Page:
OPEN SOURCE software developer Mozilla has big hopes that Firefox 4 will maintain the momentum of its most popular product, and so far the results are looking good.
If you are a current Firefox user, the decision to update really is a no brainer. For Mozilla, the question is whether this major release will help it maintain and grow its web browser market share. It's a question that will be answered by more than just fancy user interfaces, that is, in the underlying technology used to render websites.
For Mozilla, completing Firefox 4 can't come soon enough. In the last two years it has taken some hits from Apple's Safari, Google's Chrome and recently even Microsoft's Internet Explorer 9. Google in particular has gone down the route of almost constant beta updating backed up by an advertising campaign, which has seen it enjoy some market share growth at the bleeding edge.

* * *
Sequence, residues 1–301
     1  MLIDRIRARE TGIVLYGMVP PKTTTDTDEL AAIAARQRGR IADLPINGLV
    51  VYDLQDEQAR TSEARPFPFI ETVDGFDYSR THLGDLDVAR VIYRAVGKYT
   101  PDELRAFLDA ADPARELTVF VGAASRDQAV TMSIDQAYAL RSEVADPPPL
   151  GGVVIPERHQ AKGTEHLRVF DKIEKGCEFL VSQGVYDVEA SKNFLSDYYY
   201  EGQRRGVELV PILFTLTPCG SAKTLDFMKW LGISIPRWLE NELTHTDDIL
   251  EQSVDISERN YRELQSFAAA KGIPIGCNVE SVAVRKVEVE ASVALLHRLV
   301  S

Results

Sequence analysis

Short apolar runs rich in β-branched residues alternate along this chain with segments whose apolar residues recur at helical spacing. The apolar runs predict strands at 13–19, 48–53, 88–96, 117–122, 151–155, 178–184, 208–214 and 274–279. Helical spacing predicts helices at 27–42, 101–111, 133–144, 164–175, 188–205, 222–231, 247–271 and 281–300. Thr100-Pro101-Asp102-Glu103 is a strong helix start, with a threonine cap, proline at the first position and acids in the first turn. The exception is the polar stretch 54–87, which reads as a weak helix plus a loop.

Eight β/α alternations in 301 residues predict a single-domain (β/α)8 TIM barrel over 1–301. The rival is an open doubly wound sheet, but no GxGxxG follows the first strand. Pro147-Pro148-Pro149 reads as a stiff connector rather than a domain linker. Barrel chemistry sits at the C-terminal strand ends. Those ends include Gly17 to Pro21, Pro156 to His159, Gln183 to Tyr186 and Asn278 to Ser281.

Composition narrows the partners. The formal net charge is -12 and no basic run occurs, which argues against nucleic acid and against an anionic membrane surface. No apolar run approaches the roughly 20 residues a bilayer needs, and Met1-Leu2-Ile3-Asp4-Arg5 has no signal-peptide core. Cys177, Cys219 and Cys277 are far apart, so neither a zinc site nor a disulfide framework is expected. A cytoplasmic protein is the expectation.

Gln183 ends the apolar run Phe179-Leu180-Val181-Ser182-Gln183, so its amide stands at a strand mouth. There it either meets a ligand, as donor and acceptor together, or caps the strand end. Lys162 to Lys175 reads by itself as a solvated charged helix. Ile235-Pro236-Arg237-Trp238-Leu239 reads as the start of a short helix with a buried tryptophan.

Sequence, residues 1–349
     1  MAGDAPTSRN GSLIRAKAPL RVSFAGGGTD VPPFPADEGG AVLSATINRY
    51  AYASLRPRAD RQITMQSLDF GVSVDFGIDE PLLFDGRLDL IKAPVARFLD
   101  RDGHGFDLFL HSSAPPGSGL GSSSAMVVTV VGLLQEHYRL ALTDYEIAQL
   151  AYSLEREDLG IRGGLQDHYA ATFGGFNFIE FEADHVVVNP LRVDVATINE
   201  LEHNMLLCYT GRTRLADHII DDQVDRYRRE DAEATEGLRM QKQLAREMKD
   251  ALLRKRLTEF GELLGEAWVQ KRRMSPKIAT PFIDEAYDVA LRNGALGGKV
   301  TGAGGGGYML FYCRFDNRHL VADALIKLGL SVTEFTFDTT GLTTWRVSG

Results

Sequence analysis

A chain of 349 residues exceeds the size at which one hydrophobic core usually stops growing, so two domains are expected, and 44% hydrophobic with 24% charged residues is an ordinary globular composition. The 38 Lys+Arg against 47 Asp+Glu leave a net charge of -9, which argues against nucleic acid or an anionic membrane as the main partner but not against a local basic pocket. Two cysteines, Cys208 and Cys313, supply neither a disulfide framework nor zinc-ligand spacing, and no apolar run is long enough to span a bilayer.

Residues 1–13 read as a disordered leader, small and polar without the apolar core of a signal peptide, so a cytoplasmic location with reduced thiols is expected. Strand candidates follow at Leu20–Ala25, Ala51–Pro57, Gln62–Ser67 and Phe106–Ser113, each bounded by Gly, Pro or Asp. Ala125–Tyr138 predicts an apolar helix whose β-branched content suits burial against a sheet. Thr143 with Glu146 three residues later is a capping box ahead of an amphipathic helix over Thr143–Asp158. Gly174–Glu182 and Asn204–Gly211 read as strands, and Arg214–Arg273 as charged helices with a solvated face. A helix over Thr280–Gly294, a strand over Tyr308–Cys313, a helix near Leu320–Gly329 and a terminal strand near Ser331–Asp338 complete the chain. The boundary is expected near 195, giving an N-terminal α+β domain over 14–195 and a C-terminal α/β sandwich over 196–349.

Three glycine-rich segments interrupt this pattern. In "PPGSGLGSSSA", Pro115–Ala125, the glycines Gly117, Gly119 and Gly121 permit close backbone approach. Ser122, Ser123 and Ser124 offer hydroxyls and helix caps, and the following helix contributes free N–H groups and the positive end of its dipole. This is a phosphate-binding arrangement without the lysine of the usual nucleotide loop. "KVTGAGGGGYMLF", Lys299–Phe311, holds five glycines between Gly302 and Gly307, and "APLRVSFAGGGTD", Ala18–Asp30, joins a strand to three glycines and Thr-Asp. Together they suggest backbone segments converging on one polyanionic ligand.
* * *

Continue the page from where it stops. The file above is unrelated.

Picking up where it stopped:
It isn't the growth of Firefox's rivals that got Mozilla worried, but rather the sense that Firefox had grown bloated and slow that would have got alarm bells ringing. On first impressions it looks like Mozilla has listened.
Aside from Jaegermonkey, Mozilla's Gecko 2.0 engine improves support for HTML5, CSS3 and WebM. Firefox 4 has had hardware acceleration since its fourth beta release, however it still supports only Windows 7. That's a big disappointment for a web browser that is bundled with almost every Linux distribution.
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